A group of Grade 7 students in Calgary is calling on all levels of government to celebrate Canada’s 150th birthday by giving First Nations communities across the country the gift of clean water.
Denise Hammond and her two humanities classes at Ian Bazalgette junior high school have spent almost the entire school year researching, writing letters to government officials and fundraising for their cause, which they’re calling the Clean Water Birthday Project.
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“Our mission is to try to get awareness out about the more than 100 First Nations communities in Canada that do not have access to clean drinking water,” Hammond said. “There are some government ideas in place to solve the problem within five years, but we personally feel like that’s too long. It’s already been going on for some places more than 20 years, so we’re hoping that if we get enough awareness out there that the government will actually take action and get it resolved by the end of 2017.”
Getting the project started
It all started after Hammond showed her students two short documentaries highlighting the lack of access to clean water on First Nations. Her students were appalled, and decided to make it their mission to do something about the situation.
“It kind of came from them just caring enough that they wanted to take it a step further,” Hammond said.
In October, the students started researching. They tried to compile as much as they could about the issue. Despite their best efforts, information was limited and hard to find, and the students couldn’t help but feel frustrated.
“After that, I asked if we should give up,” Hammond said. “And the kids were like, ‘No, we shouldn’t give up, because everyone else has given up on these nations, so we need to be the people that actually move forward and try to do something.’”
The group decided to go straight to the source, and sent e-mails, faxes and letters to 40 different First Nations across Canada. This also proved to be a challenge, because many of them didn’t send any sort of response. The five that did reply though, gave the students a wealth of information. Once the students had a better understanding of the issue, they started looking into the costs and resources required to solve it.
The students recorded a mannequin challenge, a popular social media trend at the time, hoping it would go viral and help bring more attention to the issue. When that didn’t work, they reached out to Calgary author Carolyn Pogue, who suggested the students tie in Canada’s 150th birthday to their cause.
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That’s when things really got rolling. In February, they came up with the project name, put together a website, started a petition, and picked an organization to fundraise for. They chose Water First, an Ontario-based non-profit that educates and trains First Nations members on how to work through their water access challenges. The students decided to sell water bottles, with most of the money going straight to the organization.
The students also began writing letters to more than 40 municipal, provincial and federal government officials, including to their local MLA Joe Ceci, local MP Deepak Obhrai, and Prime Minister Justin Trudeau. The first politician to get back to them was Calgary Mayor Naheed Nenshi.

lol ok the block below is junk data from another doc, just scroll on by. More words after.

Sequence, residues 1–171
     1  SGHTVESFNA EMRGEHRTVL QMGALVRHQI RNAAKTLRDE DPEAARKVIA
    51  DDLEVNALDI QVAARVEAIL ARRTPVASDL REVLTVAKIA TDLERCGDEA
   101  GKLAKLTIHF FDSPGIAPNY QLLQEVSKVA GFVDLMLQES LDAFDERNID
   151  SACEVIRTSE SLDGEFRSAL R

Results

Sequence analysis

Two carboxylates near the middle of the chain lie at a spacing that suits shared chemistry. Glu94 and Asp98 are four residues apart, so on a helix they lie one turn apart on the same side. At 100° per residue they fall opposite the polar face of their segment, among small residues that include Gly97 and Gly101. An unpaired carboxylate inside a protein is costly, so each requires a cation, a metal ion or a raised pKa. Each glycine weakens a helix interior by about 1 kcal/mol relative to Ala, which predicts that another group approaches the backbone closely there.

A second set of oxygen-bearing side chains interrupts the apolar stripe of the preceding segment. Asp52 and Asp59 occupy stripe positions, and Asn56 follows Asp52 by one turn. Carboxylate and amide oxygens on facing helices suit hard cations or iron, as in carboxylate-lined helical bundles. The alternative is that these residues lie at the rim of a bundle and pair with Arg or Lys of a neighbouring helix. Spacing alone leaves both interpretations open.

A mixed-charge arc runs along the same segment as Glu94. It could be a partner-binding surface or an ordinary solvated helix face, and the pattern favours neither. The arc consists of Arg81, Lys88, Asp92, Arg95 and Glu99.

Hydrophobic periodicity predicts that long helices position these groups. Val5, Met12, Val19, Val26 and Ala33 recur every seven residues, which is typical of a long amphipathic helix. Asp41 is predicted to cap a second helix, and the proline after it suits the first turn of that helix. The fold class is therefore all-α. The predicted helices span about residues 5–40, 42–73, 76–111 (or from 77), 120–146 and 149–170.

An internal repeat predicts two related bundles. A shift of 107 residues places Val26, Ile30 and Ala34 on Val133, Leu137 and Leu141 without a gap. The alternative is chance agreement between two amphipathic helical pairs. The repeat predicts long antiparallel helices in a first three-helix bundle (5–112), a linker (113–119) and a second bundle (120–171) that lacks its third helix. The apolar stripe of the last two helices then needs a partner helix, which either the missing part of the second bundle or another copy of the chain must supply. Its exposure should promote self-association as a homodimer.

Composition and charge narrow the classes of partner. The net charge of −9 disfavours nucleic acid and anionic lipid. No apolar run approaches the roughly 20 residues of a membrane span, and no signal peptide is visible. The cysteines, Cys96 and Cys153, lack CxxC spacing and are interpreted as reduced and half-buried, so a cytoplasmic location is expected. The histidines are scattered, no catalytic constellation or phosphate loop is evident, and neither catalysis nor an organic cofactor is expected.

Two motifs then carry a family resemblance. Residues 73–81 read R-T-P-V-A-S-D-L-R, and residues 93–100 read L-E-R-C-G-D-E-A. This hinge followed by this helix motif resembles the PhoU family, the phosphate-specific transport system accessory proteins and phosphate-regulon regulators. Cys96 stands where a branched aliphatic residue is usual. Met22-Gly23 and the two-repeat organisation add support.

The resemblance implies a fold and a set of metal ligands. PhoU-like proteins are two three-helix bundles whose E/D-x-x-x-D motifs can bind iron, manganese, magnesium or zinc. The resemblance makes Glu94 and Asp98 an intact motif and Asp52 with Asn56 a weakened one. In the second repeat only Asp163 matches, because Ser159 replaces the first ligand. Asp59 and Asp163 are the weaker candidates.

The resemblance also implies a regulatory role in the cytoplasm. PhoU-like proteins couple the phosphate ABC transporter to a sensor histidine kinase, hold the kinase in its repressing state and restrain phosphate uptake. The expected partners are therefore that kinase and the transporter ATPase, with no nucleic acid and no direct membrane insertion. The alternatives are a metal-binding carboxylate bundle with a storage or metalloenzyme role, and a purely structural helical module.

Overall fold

Nenshi’s tweet was followed by a long period of silence from politicians, which Hammond admits was discouraging.
It wasn’t until the end of May that they finally got some more traction, and it came in a big way. Alberta Premier Rachel Notley shared their project on both her Twitter and Facebook pages. This was an exciting moment for the group, and they saw the impact the premier’s backing had, as more Albertans signed their petition, and more people started sharing their story on social media.
While the students are appreciative of the politicians’ support, they say the responses they’ve received are underwhelming.
“Honestly, multiple people wrote to the same person, and whenever they responded, they didn’t respond with much. They wrote the exact same thing to everyone, and it was pretty off topic,” Jordan Milligan, one of the students involved, said.
“Personally, I think it should be faster. Because, not to be racist or anything, but if it was for a white community, it would be treated way faster.”
The students are still hoping to hear back from more politicians, especially Trudeau.
Learning life lessons
A look at the numbers alone might suggest the project has so far been less than successful. But that’s not the way the students and teachers involved are looking at it.
“It’s a real education for some of these kids, and adults, who didn’t realize how many places in Canada kids and families are going without water. And I think what it’s taught these kids is empathy,” said Mary Winslow, an education assistant at the school who is also involved in the project.
Hammond admits her students have been discouraged at times, but that despite the failures, the kids continue to work towards their goal.
“We just focus on the good things. Like someone sharing our stuff on Facebook, or getting 10 more people clicking one of our links – these are still successes,” Hammond said. “It might not get us to reach that goal of getting it resolved this year, but we’re 50 kids and a teacher. So we can try.”
Hope for the future
The school year is almost over for the students, but their teacher is planning on keeping the project going.
“I’m also responsible for our social activism club, so I was going to propose to the school that I continue this project through that,” Hammond said. “That way it gives students an opportunity to continue on with this.”
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Many of them do plan on continuing to fight for the cause – and they’re hoping others will help them.
Villeneuve feels the same way.